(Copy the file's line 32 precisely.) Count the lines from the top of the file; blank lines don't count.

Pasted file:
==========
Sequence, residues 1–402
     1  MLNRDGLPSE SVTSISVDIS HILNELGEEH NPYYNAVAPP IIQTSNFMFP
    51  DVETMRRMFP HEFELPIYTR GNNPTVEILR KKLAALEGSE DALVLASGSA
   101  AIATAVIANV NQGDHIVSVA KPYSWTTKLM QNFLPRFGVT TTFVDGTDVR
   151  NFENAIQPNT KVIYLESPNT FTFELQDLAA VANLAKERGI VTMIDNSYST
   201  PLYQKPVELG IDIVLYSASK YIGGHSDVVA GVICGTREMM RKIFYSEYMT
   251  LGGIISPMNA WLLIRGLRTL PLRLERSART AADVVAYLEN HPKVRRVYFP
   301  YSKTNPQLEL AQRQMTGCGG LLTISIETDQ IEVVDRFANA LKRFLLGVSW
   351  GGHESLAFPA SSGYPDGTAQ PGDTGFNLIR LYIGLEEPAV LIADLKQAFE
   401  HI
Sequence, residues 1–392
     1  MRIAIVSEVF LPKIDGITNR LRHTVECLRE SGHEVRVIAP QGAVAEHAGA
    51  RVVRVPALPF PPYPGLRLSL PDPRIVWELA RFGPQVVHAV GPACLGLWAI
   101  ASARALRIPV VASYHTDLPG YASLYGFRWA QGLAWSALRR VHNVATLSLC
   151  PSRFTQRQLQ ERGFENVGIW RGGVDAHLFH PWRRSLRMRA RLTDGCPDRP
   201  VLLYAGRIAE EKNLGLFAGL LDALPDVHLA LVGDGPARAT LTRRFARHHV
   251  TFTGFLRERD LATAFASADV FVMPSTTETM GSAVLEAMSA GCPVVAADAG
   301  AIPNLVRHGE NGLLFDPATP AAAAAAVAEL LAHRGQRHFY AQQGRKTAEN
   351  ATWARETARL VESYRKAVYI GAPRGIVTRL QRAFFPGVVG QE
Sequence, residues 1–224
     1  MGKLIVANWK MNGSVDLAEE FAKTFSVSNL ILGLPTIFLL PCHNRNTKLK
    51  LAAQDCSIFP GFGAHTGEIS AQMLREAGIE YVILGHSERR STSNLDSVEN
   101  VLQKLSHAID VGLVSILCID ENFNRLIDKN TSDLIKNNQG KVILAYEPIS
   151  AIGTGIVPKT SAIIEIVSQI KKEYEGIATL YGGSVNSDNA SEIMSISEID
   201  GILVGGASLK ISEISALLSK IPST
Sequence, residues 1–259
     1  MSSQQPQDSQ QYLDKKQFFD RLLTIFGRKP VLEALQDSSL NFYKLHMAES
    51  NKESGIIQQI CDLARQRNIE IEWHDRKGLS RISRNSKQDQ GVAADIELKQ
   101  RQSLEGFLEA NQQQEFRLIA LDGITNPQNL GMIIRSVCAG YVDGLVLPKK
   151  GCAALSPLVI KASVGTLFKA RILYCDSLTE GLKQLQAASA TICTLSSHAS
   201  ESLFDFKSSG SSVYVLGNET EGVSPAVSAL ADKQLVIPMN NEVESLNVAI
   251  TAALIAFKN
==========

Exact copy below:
   251  TAALIAFKN